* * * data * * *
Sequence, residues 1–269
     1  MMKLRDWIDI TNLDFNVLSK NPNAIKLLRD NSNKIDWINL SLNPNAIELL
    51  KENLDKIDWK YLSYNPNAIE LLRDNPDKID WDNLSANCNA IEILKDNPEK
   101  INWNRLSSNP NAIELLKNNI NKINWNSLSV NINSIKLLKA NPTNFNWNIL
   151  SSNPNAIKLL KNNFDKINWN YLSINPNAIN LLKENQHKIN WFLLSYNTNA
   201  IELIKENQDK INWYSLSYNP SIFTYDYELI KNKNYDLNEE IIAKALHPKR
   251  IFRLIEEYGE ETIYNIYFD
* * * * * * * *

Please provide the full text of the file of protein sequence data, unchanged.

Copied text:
Sequence, residues 1–269
     1  MMKLRDWIDI TNLDFNVLSK NPNAIKLLRD NSNKIDWINL SLNPNAIELL
    51  KENLDKIDWK YLSYNPNAIE LLRDNPDKID WDNLSANCNA IEILKDNPEK
   101  INWNRLSSNP NAIELLKNNI NKINWNSLSV NINSIKLLKA NPTNFNWNIL
   151  SSNPNAIKLL KNNFDKINWN YLSINPNAIN LLKENQHKIN WFLLSYNTNA
   201  IELIKENQDK INWYSLSYNP SIFTYDYELI KNKNYDLNEE IIAKALHPKR
   251  IFRLIEEYGE ETIYNIYFD